I just wasted four days of my life on something completely worthless. It started off innocently enough, I wanted to take a cloud of data points and display them as a nice heatmap.
No worries, I'm a clever chap, I'll dig through the literature and find a better algorithm. They all seem to be either too complex to implement easily or don't have the performance characteristics I need. I don't need a strict Delaunay arrangement, so I should be able to brew up my own divide-and-conquer version that uses the exact algorithm on sub-sets of the points and then stitches them back together with Delaunay-like strips.
Huh, looks like there's a bug in the convex hull creation code I wrote. And another. And another. Arrrggh! I need a better way of visualizing what's going on, so I'll build a canvas-based web page that lets me view the output of my algorithm. And then I need to…
What? It's Saturday afternoon? Where did my week go! And why am I still banging my head against this code? What was I trying to do again? Oh yes, display a heatmap of these points. So why have I been debugging convex hull merging code for the last two days? There must be a simpler way.
<… two hours pass …>
There we are, I just adapted some point blob rendering code I was already using, so I don't have to worry about triangulating a massive cloud of points, I just throw blobs at the screen and build up the image. Works great. Now I just have to write a blog post to remind myself once again – *Never Shave a Yak!*
Yak shaving is a term I first ran across in the Jargon File, and it stuck in my head because it's so common and so dangerous in programming. It's when you're working on a task because you need to do it to get something else done, which you're doing to complete another job, and so on up a long dependency chain towards your real goal. This happens a lot when you're coding, and just like my story each step is very logical but you ultimately end up wasting massive amounts of time on something that has very little effect on what you really want to do.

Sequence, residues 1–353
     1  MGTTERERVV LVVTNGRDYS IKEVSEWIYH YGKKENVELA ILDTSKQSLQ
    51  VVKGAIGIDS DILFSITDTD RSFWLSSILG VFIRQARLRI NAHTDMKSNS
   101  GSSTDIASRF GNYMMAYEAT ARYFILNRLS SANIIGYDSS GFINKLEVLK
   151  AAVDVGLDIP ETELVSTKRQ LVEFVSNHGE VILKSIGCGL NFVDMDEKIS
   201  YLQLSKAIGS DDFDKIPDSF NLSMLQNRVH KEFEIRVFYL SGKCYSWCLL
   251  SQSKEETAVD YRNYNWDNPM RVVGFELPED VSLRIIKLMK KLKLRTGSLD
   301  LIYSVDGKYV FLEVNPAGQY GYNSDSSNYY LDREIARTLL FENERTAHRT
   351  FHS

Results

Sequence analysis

I swear that the biggest reason I'm a more effective programmer now than when I was 20 is that I'm better at spotting when I'm shaving a yak, and finding another way. The biggest clue is when I'm working too hard. I went into a serious deep dive for the last few days, staying up late, skipping dog walks and getting way behind on my emails (sorry to anyone waiting for a reply!). If I'm making progress on something core this sort of crunch time is actually an energizing process as long as I don't keep it up too long. In this case I was feeling frustrated, and looking back it was largely because it was a peripheral task that at some level I knew didn't have to be solved.
There's already lots of other reasons to embrace lazy programming. Fewer lines of code means fewer bugs. The best route to an easy life is writing solid code that doesn't require constant maintenance, and is documented enough so people don't bug you with questions. Harness your inner laziness to spot yak shaving too, and find a simpler way when you're spinning your wheels on a peripheral task.